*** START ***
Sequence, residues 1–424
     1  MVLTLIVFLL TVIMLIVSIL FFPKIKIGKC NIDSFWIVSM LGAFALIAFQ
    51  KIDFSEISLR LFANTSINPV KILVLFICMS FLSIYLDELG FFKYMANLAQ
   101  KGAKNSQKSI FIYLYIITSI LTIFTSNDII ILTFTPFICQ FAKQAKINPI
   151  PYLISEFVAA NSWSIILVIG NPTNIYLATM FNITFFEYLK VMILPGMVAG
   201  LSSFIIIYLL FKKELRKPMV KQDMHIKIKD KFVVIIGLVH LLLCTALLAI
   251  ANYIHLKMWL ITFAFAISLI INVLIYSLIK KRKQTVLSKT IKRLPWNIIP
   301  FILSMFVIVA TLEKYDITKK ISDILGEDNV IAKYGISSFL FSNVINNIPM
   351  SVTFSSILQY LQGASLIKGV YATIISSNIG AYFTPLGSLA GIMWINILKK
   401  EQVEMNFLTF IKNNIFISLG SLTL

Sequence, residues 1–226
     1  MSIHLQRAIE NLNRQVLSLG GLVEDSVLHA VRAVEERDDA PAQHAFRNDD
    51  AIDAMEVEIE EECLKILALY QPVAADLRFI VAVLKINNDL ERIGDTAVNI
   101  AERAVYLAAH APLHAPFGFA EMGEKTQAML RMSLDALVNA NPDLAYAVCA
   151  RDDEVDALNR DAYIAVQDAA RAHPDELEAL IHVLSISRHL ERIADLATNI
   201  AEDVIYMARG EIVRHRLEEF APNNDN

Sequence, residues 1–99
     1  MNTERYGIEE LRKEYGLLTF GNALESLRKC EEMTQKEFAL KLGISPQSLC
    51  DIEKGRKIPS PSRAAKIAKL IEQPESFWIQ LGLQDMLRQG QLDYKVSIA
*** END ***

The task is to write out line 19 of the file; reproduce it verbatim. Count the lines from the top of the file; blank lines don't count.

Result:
    51  DIEKGRKIPS PSRAAKIAKL IEQPESFWIQ LGLQDMLRQG QLDYKVSIA